“Creative destruction”, a sometimes throwaway phrase with deep implications, occurs when creativity in all its forms (novelty, invention, or imagination) lays waste to established forms of culture, belief, politics, business (manufacturing and distribution,) even behavior. The results can be as profound as revolutionizing, annihilating or causing replacement of whatever existed before. Examples abound throughout history. Consider: the railroad and the automobile vs. horse and carriage, radio vs. the telegraph, email vs. the post office, social networks and the Internet vs. the publishing industry, the smart phone vs. the recording business, photography, even TV. At times, the obverse, “destructive creation” can be inferred as a kind of feedback loop. The crossover point is somewhere between progress and failure.
Examples of destructive creation come to mind, such as software upgrades killing off perfectly good software to force consumers and industry alike into upgrading. Consider the cost we endure for the replacement rate resulting from new products.. By discarding our household goods, cars, old TV’s, computers, and mobile phones, we “destructively” increase toxic and other waste. “Progress” thus results inevitably in environmental degradation.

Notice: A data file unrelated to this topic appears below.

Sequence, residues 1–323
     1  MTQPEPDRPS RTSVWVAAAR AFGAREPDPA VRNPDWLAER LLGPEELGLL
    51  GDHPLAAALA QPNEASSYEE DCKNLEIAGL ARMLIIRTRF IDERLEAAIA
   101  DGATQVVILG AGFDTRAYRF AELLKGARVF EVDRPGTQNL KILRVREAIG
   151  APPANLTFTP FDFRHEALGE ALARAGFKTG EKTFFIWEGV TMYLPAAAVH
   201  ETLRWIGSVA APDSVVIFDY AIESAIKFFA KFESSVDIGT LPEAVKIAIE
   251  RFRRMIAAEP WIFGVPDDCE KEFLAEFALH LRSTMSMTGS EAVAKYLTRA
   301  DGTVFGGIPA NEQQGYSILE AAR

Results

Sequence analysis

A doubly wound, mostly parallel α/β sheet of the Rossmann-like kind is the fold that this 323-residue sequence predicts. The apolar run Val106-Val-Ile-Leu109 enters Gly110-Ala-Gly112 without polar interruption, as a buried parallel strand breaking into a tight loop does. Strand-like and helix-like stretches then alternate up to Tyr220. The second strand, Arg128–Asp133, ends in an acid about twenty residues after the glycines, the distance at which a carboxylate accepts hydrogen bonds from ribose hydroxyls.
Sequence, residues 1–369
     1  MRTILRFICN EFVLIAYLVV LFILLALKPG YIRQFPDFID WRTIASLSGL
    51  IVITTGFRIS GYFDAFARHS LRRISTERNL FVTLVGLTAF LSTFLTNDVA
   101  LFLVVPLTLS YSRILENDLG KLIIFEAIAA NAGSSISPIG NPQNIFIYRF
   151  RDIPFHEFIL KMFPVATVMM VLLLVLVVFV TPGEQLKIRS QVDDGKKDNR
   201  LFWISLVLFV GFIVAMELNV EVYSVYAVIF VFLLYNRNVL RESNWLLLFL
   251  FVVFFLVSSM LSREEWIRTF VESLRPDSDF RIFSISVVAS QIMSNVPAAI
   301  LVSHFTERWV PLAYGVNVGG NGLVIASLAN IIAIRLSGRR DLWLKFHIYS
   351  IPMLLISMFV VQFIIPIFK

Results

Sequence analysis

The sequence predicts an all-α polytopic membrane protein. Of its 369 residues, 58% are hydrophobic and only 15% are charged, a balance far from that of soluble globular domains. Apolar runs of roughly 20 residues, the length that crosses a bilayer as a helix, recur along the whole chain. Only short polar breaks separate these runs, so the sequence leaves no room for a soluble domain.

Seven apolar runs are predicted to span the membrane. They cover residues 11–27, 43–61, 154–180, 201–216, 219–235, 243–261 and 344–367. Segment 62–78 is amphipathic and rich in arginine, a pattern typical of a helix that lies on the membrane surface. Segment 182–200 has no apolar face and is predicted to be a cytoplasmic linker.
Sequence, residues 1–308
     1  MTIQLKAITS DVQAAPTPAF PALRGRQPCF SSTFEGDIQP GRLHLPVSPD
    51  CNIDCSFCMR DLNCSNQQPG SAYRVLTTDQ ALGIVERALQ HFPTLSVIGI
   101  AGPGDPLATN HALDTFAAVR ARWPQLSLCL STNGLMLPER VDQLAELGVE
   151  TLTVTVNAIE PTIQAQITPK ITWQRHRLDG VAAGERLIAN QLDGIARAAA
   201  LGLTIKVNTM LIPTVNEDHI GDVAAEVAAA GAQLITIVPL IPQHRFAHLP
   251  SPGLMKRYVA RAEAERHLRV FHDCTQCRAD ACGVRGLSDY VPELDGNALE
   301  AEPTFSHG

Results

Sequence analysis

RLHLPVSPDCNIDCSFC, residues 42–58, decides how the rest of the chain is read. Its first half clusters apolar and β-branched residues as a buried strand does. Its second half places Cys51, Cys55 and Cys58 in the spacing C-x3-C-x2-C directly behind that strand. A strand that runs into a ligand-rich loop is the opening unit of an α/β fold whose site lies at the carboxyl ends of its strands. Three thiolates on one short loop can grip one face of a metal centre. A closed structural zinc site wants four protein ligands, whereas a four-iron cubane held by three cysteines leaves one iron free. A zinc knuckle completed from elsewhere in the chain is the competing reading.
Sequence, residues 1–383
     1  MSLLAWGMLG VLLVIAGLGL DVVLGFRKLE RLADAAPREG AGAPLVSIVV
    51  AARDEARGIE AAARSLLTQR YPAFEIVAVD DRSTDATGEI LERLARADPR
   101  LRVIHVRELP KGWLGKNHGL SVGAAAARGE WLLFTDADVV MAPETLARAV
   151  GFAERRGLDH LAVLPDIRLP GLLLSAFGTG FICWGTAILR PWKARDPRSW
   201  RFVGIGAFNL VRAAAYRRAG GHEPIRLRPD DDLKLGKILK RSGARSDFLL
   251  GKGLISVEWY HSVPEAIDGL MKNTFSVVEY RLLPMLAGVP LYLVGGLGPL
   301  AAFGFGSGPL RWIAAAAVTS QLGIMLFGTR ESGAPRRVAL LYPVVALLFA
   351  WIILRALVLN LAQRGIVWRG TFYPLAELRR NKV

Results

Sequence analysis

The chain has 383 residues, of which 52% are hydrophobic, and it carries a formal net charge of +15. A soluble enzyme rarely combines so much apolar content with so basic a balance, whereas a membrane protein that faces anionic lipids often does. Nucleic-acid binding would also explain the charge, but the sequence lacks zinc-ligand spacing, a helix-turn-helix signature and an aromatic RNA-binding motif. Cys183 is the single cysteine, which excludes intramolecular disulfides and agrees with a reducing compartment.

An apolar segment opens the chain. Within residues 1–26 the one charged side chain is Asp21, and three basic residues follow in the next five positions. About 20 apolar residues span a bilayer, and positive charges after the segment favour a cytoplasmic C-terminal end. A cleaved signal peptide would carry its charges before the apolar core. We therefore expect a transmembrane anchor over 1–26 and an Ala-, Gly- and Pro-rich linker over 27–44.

Destructive Creation and Medicine
Medical Progress in the form of immunization, antibiotics, cardiac surgery, revolutionary imaging, etc. has been a colossal success story over the past century, conferring on our age extravagant improvement in health and longevity. Yet from time to time, we suffer disillusion when we learn, often long after the fact, that some promising new drugs are so dangerous they’ve been taken off the market, that uncountable cardiac procedures, such as catheterization, stent placement, implantable pacemakers were not indicated, that tens of thousands of joint replacement need never have been performed.
Dr. Eric Topol, in his 2011 book, “The Creative Destruction of Medicine: How the Digital Revolution Will Create Better Health Care”, rhapsodizes over our smart phone detecting cancer cells, monitoring your brain waves, or warning you of an imminent heart attack. Could this be overshooting the runway? At the same time Topol was on the money when he predicted our vital signs could be monitored continuously, perhaps even our blood chemistries. After all, we now have the soaring stock price of the new IPO, Fitbit, “which tracks every part of your day—including activity, exercise, food, weight and sleep—to help you find your fit, stay motivated, and see how small steps make a big impact.
Does this mean we can now commodify the medical profession, as well as healthcare itself, by simply replacing them with digital technology and mobile devices?
Martin F. Sturman, MD, FACP
copyright 2015, Mathemedics, Inc.